With this historical background in mind the reasoning behind the Swedish strategy becomes clearer, and, if anything, more appalling. At bottom, it is founded on a utilitarian calculus. Swedish authorities made no secret of the evaluation that needed to take place: one had to choose between the economy and the elderly, the unfettered functioning of society versus the health of its citizens – either justice or gold. The outcome of the calculations was clear: Sweden would opt for the alternative that maximizes utility across the board, even if in the process – as the euphemism goes – some eggs would need to be broken.

No wonder, then, that utilitarian philosophers came out in force in defense of the Swedish strategy. As the Swedish ethicist Olle Torpman bluntly wrote back in April: "Can we really put a price tag on people's lives? Can we really compare somebody's death with another person's happiness or lack thereof? The answer is: yes."1

Likewise, the internationally acclaimed utilitarian ethicist Torbjörn Tännsjö publicly defended the "Swedish strategy" precisely on the grounds of its palpably utilitarian texture. As he said in an interview: "It sounds as if the government is prepared to sacrifice a number of individuals – at any rate in the short term – to save as many human lives as possible on the whole, partly by indirectly saving the economy."2 There is a more than a hint of triumphalism in Tännsjö's defense: he cannot help but note that ethical boards across the country are spangled with his former doctoral students, who, he claims, do their best to dress up their utilitarianism enough to get away with it, while following it religiously in practice.3

With all due respect to Tännsjö, if the utilitarianism is meant to be covert, his students are the least subtle players of hide-and-seek in the history of philosophy. Only a cursory glance at the ethical reports drawn up under the pandemic betrays an explicit utilitarianism. In a report on the Swedish approach, the Ethical Board of State laid out the ethical foundations to defend the strategy. This document follows through a rigorous utilitarian calculation, tallying up the greatest possible well-being for the greatest possible number. As the board writes in one official document: "To address the question [of which strategy should be chosen] we need to focus on the possible and relevant consequences."4 From the very outset, the question is formulated within a consequentialist ethical framework. The board goes on to list which such "relevant" consequences to be weighed against each other: they begin by noticing that one of these is the loss of lives, but are quick to dilute it with a much longer list, including social and psychological factors, proximate and remote economic factors, freedom, feelings of alienation. The cost of the state intervening to save lives, they suggest in one passage, must be weighed against the cost of the "support" for the government ebbing among the population.5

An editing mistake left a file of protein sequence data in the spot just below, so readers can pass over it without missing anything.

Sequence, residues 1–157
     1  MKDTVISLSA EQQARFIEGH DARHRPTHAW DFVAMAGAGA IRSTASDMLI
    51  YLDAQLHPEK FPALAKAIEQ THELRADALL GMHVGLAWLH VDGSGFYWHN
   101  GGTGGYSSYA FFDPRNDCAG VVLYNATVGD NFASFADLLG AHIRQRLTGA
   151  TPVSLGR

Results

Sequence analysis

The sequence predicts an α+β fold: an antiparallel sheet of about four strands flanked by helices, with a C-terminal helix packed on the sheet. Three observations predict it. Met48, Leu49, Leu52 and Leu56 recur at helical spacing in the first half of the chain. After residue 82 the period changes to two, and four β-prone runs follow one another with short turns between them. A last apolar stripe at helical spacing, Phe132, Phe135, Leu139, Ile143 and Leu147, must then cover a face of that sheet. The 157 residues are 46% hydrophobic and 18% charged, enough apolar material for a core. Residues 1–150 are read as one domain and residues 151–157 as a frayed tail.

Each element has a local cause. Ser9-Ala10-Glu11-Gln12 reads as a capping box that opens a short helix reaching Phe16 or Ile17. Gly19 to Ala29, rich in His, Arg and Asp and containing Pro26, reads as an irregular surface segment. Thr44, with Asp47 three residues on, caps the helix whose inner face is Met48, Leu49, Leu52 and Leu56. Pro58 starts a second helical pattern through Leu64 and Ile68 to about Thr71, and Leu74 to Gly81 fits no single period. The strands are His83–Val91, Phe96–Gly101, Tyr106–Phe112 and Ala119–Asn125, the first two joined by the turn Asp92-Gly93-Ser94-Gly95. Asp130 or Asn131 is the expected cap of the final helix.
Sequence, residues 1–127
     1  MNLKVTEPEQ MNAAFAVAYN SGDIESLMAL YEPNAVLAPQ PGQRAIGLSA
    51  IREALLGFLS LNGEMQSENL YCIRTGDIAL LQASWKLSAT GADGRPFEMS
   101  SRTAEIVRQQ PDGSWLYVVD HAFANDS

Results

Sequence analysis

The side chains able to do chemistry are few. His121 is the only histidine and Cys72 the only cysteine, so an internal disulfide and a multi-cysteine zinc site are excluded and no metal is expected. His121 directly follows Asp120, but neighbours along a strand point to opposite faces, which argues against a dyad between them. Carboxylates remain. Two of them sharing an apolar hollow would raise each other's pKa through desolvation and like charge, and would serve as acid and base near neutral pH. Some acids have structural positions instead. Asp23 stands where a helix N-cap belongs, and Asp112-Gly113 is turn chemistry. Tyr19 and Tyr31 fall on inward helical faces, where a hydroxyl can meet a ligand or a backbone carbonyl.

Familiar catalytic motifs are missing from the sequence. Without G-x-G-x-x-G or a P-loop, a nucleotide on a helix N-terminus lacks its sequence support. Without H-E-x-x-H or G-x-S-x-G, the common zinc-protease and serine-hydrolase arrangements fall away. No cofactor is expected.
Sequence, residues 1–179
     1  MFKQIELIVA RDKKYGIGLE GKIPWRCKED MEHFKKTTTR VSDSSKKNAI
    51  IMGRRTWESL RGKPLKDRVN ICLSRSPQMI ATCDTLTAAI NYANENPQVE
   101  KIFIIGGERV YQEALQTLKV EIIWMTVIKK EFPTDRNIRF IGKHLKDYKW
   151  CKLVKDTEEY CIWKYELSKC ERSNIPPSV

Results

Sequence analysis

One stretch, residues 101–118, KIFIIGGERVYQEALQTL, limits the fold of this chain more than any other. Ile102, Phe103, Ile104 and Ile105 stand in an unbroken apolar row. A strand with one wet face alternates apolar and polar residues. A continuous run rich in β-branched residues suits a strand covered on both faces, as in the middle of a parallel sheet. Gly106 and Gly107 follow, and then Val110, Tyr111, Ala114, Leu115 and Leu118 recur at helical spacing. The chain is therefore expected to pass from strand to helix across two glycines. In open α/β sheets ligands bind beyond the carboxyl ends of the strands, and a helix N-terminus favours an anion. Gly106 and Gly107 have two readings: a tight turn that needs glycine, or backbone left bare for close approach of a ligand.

This calculation is, after all, perfectly in line with the pronouncements of the Ministry of Public Health; the strategy was repeatedly justified on the grounds that it allowed things to run smoothly: it was "sustainable" in the long run, as "effective" as possible.

A century after the Lutheran archbishop's question to Hägerström, we are perhaps ready to suggest an answer. Whether or not we think a non-cognitivist and utilitarian father can be a decent father, it is certainly the case that a non-cognitivist and utilitarian state cannot be a decent state. We have yet to see any form of genuine remorse over the shedding of lives from those in positions of power. We may have a long wait ahead. After all, there can be no remorse for something one believes is entirely justified, even mandated, by an objective standard.

Perhaps the bottom line is that the cynicism of the Swedish strategy ought to raise as few eyebrows abroad as it does here in Sweden. In a society where the only value is utility, where vulnerable groups are expendable as long as the pay-off is high enough, where the values of human dignity and the holiness of life are regarded as metaphysical mumbo-jumbo, where gold will always trump justice, really – what else could one expect?

[Photo Attribution: Joakim Emanuelson, CC BY-SA 4.0 <>, via Wikimedia Commons]

  1. Olle Torpman, "Moralfilosofin som ger Sverige rätt" ("The Ethical Philosophy that Supports the Swedish Strategy"), Kvartal.
  2. ((Åke Gavfelin and Lapo Lappin, "Interview with Torbjörn Tännsjö", Metafysiskalaboratoriet.))
  3. Ibid.
  4. ((The Swedish National Council on Medical Ethics, Etiska vägval i pandemin, 44.))
  5. ((SMER, Etiska vägval i pandemin, 43-44.))

Lapo Lappin is a philosophy student at the University of Uppsala, Sweden, currently doing an Erasmus exchange in Austria. He has worked at the Swedish catholic magazine Signum. Since the beginning of the pandemic he has been interviewing Swedish philosophers to bring their reflections on COVID-19 to the broader public.